Participatory decision-making among community coalitions: An analysis of task group meetings

Paul W. Speer, Allison Zippay

Research output: Contribution to journalReview articlepeer-review

10 Scopus citations


This article examines the decision-making processes in five federally-funded community coalitions through an analysis of recorded minutes at 188 meetings. Specific characteristics examined include the proportion of agenda issues in which the role of staff, officer, or community participant initiated discussion topics and carried out tasks; the degree to which decisions were reached and action tasks delegated; and the substantive focus of the discussions. The study found that many of the basic components of organizational functioning were inconsistently applied, particularly in the areas of task identification and delegation. Less than half of the topics introduced for discussion in all the meetings studied resulted in a decision, and of these decisions, related tasks were specified less than half the time. In two-thirds of the instances when tasks were identified for specific agenda issues, no one was identified for involvement in their implementation.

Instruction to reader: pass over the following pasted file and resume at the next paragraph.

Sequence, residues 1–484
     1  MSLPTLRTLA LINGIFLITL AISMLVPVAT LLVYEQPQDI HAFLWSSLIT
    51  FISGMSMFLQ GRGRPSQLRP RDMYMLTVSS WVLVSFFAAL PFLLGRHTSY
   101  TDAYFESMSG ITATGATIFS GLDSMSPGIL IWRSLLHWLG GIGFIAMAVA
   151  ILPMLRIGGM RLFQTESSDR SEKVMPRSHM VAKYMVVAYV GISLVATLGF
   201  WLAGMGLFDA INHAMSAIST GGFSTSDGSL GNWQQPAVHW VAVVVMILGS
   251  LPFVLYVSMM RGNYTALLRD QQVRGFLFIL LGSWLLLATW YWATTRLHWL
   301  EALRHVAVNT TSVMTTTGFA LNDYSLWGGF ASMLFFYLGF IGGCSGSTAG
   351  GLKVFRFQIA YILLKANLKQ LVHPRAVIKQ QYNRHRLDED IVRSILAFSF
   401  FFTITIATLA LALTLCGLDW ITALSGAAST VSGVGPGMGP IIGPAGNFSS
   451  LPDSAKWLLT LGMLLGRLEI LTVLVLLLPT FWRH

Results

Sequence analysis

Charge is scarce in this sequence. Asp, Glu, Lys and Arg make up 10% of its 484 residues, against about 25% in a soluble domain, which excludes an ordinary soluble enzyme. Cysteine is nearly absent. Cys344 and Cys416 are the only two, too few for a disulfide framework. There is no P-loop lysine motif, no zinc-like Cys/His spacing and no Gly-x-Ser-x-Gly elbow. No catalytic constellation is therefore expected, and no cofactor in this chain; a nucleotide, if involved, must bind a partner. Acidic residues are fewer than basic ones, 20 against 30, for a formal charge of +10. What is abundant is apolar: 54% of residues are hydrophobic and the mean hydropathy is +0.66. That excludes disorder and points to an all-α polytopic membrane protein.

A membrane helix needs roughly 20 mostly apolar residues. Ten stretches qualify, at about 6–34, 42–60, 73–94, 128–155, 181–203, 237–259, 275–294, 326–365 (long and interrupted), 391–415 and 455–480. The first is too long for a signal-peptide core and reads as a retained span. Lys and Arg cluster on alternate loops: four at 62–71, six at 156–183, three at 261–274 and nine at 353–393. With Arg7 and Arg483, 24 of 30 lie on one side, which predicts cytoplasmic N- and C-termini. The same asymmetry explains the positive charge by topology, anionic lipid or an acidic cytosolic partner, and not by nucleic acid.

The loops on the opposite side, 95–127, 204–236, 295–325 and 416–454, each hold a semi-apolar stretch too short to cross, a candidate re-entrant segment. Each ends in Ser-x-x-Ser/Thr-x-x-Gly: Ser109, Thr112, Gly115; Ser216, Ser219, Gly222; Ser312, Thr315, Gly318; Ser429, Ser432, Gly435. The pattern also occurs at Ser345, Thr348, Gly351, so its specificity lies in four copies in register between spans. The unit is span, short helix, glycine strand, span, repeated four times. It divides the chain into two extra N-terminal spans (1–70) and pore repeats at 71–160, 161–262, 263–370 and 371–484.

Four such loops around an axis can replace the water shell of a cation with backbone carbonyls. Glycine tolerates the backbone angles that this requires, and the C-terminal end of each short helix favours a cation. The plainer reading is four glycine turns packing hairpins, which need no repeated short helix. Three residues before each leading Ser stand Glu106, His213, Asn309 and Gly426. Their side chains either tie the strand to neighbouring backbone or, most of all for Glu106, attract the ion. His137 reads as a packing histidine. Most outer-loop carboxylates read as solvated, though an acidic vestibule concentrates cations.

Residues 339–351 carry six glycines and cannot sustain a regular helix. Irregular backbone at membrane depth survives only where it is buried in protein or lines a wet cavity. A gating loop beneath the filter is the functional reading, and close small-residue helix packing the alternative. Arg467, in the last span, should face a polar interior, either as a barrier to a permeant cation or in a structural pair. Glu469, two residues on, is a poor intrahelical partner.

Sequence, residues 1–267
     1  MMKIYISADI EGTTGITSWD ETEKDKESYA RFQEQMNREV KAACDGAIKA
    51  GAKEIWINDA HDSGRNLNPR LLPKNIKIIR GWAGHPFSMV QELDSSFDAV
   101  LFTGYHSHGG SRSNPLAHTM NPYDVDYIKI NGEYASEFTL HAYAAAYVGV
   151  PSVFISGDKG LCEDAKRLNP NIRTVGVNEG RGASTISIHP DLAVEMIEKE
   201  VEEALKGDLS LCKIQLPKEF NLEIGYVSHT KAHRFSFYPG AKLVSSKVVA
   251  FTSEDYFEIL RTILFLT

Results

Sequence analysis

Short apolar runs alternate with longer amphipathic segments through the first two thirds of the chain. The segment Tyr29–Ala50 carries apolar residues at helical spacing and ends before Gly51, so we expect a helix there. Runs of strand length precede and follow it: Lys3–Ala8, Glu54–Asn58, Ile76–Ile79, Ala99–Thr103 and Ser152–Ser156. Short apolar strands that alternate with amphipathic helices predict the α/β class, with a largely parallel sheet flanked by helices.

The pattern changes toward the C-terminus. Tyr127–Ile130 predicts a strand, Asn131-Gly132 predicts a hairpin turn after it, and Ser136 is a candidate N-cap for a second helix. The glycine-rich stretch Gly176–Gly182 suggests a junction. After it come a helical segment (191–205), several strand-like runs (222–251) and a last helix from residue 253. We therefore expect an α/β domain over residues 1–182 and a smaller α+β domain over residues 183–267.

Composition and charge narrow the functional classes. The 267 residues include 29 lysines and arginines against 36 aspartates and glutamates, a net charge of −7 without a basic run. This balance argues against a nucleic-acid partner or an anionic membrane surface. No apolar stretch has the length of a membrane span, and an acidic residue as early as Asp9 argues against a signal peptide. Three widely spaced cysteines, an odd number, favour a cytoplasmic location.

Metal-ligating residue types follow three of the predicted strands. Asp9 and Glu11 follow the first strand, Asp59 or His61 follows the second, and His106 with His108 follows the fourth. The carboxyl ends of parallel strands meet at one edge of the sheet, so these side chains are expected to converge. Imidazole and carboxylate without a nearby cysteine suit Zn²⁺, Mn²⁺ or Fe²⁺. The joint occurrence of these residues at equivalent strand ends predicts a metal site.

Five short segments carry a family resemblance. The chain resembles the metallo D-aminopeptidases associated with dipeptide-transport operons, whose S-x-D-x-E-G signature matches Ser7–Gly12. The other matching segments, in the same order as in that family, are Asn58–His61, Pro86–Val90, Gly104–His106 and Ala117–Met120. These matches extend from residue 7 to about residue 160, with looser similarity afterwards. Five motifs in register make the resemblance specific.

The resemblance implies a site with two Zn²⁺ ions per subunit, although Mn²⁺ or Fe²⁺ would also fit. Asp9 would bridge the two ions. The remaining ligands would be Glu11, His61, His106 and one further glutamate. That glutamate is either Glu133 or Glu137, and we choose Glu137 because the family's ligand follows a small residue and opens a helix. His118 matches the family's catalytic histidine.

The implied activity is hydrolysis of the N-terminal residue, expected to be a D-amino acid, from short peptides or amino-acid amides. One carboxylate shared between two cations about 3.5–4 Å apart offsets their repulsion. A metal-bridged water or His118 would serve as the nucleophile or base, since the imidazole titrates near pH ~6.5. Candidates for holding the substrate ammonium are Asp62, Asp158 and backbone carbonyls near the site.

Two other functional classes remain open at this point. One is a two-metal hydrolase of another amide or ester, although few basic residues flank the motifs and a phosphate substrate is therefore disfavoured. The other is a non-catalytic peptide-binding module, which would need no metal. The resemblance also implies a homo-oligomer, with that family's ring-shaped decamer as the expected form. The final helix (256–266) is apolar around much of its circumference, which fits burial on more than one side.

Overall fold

Original languageEnglish (US)
Pages (from-to)61-77
Number of pages17
JournalAdministration in Social Work
Issue number3
StatePublished - 2005

All Science Journal Classification (ASJC) codes

  • Health(social science)
  • Public Administration


  • Community coalitions
  • Community organization
  • Participatory decision-making


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